Today’s big data and mass-market A.I., in Lanier’s view, amount to a stupendous con: Google, YouTube, Facebook, and every other crowd-sourced digital business are Tom Sawyer, and we’re whitewashing their fences for free because they’ve bedazzled and tricked us into thinking it’s fun. For Web search, for translation, for Siri, “masses of people have to contribute examples, which are then rehashed to create the illusion of machine intelligence. A.I. has turned into this way of masking human contributions, a way of devaluing people and ruining economic opportunity for the people who make technology work, the masses of people who create big data. So A.I. does not exist. . . . It’s just the modern word for plutocracy.” http://www.vanityfair.com/news/tech/2014/11/artificial-intelligence-singularity-theory Enjoy the Day... Brian Sullivan

Enthusiasts and Skeptics Debate Artificial Intelligence | Vanity Fair

First, the politics. Diamandis talks a lot about “the grand challenges” of “the billion-person problems,” by which he means the wretched conditions in which the world’s poorest people live. “How many equivalents of Da Vinci and Edison,” he said to me, “have come into existence in parts of the world without communications and are never heard from?” When I sat down with Kapor near his weekend home in Healdsburg, a yuppified old Sonoma County town north of San Francisco, he said almost exactly the same thing: “The amount of sheer genius that is being completely wasted—who knows what brilliant discoveries would be made if we weren’t throwing so much away?” http://www.vanityfair.com/news/tech/2014/11/artificial-intelligence-singularity-theory Enjoy the Day... Brian Sullivan

Enthusiasts and Skeptics Debate Artificial Intelligence | Vanity Fair

MASTERS OF THE UNIVERSE After the war, as the computer era began in earnest, Turing published a paper arguing that machines would eventually become intelligent, and suggesting a practical test, an “imitation game,” in which computers would attempt to fool people by passing for human. Remarkably, the paper—written in 1950, when a state-of-the-art, 14-ton computer had a memory equal to a few pages of text—lays out the basic terms of the Singularity debate as it exists today. Turing paraphrases each of the major objections to the idea of truly intelligent machines—technical, religious (“Thinking is a function of man’s immortal soul”), humanist (“The consequences of machines thinking would be too dreadful”), the problems of understanding real life’s ambiguous informal rules (such as driving), and the presumed impossibility of a computer achieving consciousness (“Not until a machine can write a sonnet or compose a concerto because of thoughts and emotions felt . . . could we agree that machine equals brain”). http://www.vanityfair.com/news/tech/2014/11/artificial-intelligence-singularity-theory Enjoy the Day... Brian Sullivan

Enthusiasts and Skeptics Debate Artificial Intelligence | Vanity Fair

Autonomous machines now make half the trades on Wall Street, meaning, for instance, that a firm will often own a given stock for less than a second—thus the phrase “high-frequency trading,” the subject of Flash Boys, Michael Lewis’s book earlier this year. (Trading by machines is one reason why a hoax A.P. tweet last year about a White House bombing made the Dow Jones Industrial Average suddenly drop 146 points.) Google’s test fleet of a couple dozen robotic Lexuses and Priuses, after driving more than 700,000 miles on regular streets and highways, have been at fault in not a single accident. Meanwhile, bionic and biological breakthroughs are radically commingling humans and machines. Last year, a team of biomedical engineers demonstrated a system that enabled people wearing electrode-embedded caps to fly a tiny drone helicopter with their minds. http://www.vanityfair.com/news/tech/2014/11/artificial-intelligence-singularity-theory Enjoy the Day... Brian Sullivan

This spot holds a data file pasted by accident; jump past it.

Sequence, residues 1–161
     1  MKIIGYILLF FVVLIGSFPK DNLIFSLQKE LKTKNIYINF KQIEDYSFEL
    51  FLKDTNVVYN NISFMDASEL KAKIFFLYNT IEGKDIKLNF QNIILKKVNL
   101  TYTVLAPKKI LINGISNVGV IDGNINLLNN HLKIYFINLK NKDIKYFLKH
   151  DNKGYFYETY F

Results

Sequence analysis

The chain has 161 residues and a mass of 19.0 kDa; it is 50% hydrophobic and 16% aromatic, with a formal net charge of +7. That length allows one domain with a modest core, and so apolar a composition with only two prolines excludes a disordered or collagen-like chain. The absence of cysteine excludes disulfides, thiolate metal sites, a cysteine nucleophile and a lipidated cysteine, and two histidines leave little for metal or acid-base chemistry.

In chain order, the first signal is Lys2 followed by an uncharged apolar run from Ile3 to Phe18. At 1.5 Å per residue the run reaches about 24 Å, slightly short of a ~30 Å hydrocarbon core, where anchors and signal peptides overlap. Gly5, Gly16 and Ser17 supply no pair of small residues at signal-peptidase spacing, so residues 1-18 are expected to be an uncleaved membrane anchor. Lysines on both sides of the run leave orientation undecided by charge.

FM broadcasting in the United States

High power is useful in penetrating buildings, diffracting around hills, and refracting for some distance beyond the horizon. 100,000 watt FM stations can regularly be heard up to 100 miles (160 km) away, and farther (e.g., 150 miles, 240 km) if there are no competing signals. A few old "grandfathered" stations do not conform to these power rules. WBCT (93.7) in Grand Rapids, Michigan, runs 320,000 watts ERP, and can increase to 500,000 watts ERP by the terms of its original license. This huge power level does not usually help to increase range as much as one might expect, because VHF frequencies travel in nearly straight lines over the horizon and off into space. Nevertheless, when there were fewer FM stations competing, this station could be heard near Bloomington, Illinois, almost 300 miles (480 km) distant. http://en.m.wikipedia.org/wiki/FM_broadcasting_in_the_United_States Enjoy the Day... Brian Sullivan

FM broadcasting in the United States

The shift in popularity of FM radio over AM in United States during the 1970s has been called by record producer Steve Greenberg "a seismic technological shift that had torn apart the very idea of the mass audience upon which pop hits depended".[6] During the 1970s, FM radio experienced a golden age of integrity programming, with disc jockeys playing what they wanted, including album cuts not designated as "singles" and lengthy progressive rock tracks. http://en.m.wikipedia.org/wiki/FM_broadcasting_in_the_United_States Enjoy the Day... Brian Sullivan

FM broadcasting in the United States –

The move of the FM band, an organized campaign of misinformation by RCA (a company that competed with FM radio by focusing on AM radio and the emerging technology of television), and adverse rulings by the FCC severely set back the development of FM radio. As late as 1947, in Detroit, there were only 3,000 FM receivers in use for the new band, and 21,000 obsolete ones for the old band.[5] On March 1, 1941 W47NV began operations in Nashville, Tennessee, becoming the first modern commercial FM radio station. However, FM radio did not recover from the setback until the upsurge in high fidelity equipment in the late 1950s. http://en.m.wikipedia.org/wiki/FM_broadcasting_in_the_United_States Enjoy the Day... Brian Sullivan